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The same questions are on everyone’s mind right now. How afraid should I be about the new COVID-19 variant? Will I be locked down again? Will everything close down that’s being reopened? Will I catch the virus despite being vaccinated? How sick will I get if I do?
The answers are still unknown, which makes everyone even more worried, more afraid, and when we are afraid, as I wrote in my latest book, “COVID; the Politics of Fear and the Power of Science,” we jump to the worst-case scenario, we over-personalize the risk, we lose the ability to reason.
Politicians and the media don’t help us. Our leaders want to be perceived as acting ahead of the risk, which is why the travel advisories are being put in place even though this variant has already spread into Europe and likely on into the United States, so travel restrictions now will do little.
The WHO, which has an office in South Africa, was, as usual, late in sounding the alarm, finally calling omicron a variant of concern on Friday, when the viral horses were already out of the barn.
How concerned should we be? The answer is to be found by addressing three basic scientific concerns.
First, how severe is the disease that this variant causes? The answer is somewhat reassuring so far. The numbers are small, but there is as of yet no evidence that it causes more severe disease than the original virus or the delta variant. In fact, historically, as pandemic viruses evolve, they tend to become less deadly, as mutations that allow them to transmit more easily but not kill or severely sicken the host are favored.
In fact, the second basic scientific concern with omicron is whether it spreads more easily than previous iterations of the virus, including delta. Time will tell whether the multitude of mutations it carries gives omicron this survival advantage. But so far, the case numbers are small, and it is too early to conclude anything on this one way or the other. Delta has predominated for months, precisely because it is far more transmissible than any of the other variants out there. Is omicron more transmissible than delta? We don’t know and we should not assume it is.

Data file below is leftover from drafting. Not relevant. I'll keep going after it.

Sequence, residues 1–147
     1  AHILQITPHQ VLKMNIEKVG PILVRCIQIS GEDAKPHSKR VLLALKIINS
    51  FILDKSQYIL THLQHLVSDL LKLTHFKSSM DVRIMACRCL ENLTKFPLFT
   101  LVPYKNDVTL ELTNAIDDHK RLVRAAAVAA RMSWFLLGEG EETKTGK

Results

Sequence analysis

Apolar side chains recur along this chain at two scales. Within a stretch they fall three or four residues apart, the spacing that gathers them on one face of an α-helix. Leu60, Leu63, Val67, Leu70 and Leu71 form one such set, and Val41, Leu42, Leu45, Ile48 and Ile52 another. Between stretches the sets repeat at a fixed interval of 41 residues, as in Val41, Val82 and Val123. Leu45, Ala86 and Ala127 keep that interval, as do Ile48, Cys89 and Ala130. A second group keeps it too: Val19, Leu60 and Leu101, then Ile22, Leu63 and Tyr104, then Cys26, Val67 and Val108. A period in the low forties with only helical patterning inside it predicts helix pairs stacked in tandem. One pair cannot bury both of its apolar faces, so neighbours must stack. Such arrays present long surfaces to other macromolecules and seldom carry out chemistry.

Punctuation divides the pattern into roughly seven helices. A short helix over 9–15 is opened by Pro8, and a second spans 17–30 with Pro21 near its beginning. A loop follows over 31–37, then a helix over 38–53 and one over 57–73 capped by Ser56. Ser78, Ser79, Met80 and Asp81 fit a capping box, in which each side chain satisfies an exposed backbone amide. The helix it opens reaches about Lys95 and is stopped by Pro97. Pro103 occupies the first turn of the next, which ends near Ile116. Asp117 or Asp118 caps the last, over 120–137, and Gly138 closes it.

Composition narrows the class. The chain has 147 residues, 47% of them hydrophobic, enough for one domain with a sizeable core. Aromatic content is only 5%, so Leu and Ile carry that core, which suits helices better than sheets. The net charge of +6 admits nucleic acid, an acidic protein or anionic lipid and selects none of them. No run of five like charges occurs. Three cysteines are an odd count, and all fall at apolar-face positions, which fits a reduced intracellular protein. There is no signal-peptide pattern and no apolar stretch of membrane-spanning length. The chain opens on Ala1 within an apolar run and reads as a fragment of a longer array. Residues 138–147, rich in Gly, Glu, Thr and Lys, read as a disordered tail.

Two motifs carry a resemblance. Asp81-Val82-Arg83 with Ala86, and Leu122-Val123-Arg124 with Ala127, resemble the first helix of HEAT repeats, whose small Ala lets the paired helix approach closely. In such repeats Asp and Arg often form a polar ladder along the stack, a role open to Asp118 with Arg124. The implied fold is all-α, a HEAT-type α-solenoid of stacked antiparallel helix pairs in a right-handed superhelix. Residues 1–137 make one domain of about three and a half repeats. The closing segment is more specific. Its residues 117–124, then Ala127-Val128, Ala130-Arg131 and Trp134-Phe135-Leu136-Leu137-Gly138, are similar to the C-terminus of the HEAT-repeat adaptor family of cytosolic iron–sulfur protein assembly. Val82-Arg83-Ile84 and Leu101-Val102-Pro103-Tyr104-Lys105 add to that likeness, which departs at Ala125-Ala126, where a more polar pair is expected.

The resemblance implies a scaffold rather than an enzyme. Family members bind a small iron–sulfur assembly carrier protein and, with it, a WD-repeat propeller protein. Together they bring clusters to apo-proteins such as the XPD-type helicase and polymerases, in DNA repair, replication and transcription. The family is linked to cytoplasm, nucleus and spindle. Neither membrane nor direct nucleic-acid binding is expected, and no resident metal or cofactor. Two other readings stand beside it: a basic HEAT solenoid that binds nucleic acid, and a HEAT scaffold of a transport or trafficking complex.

Federal support to Pfizer and Moderna could speed the development of new boosters to target the omicron variant specifically.
The third scientific concern concerns immune evasion. Are there so many mutations to the spike protein of this variant (more than 30) that the vaccines which target the spike protein won’t work? The answer is likely no, since the vaccine has multiple targets, but it is conceivable that the vaccine won’t protect as well against omicron as it did against the original virus and to a somewhat lesser extent, against the delta variant.
This knowledge should be a big motivation for getting vaccinated if you haven’t done so and getting the booster if you have been vaccinated more than six months ago (MRNA vaccine), or more than two months ago (Johnson and Johnson). The weaker the protection turns out to be against the new variant, the more you must dial up whatever protection you can get to maximum. We should be reassured by this important tool, and we should use it.
What should the government be doing beyond making pronouncements and pounding the drum of danger? For one thing, there is every reason to believe that cheap rapid testing helps people screen for contact with any variant including this one.
It is inexcusable that almost two years into the worst pandemic in a hundred years, we still don’t have free testing in every home, provided by the federal government through a public-private partnership like Operation Warp Speed. Having a free and ready test to assure you don’t have COVID when you develop a cough, congestion or fatigue, goes a long way toward preventing panic.
At the same time, federal support to Pfizer and Moderna could speed the development of new boosters to target the omicron variant specifically, a process that will take several weeks. There are also oral and nasal second-generation COVID vaccines in development that are not only easier to take but may be more successful no matter the variant.
And while the monoclonal antibodies may not be as effective against omicron, there is no reason for the emerging anti-viral treatments not to be. In fact, the FDA should speed approval of the oral treatments, especially Pfizer’s Paxlovid, and the government should order much more than the 10 million courses it has already purchased and help speed delivery.
Media hyperbole inflames our fears and political posturing is transparently self-serving and fails to calm us. Only science can reassure, providing context and diagnostic, preventive and treatment tools against the new variant. Our leaders must provide constant timely support for these efforts, not pound the political drum to control us.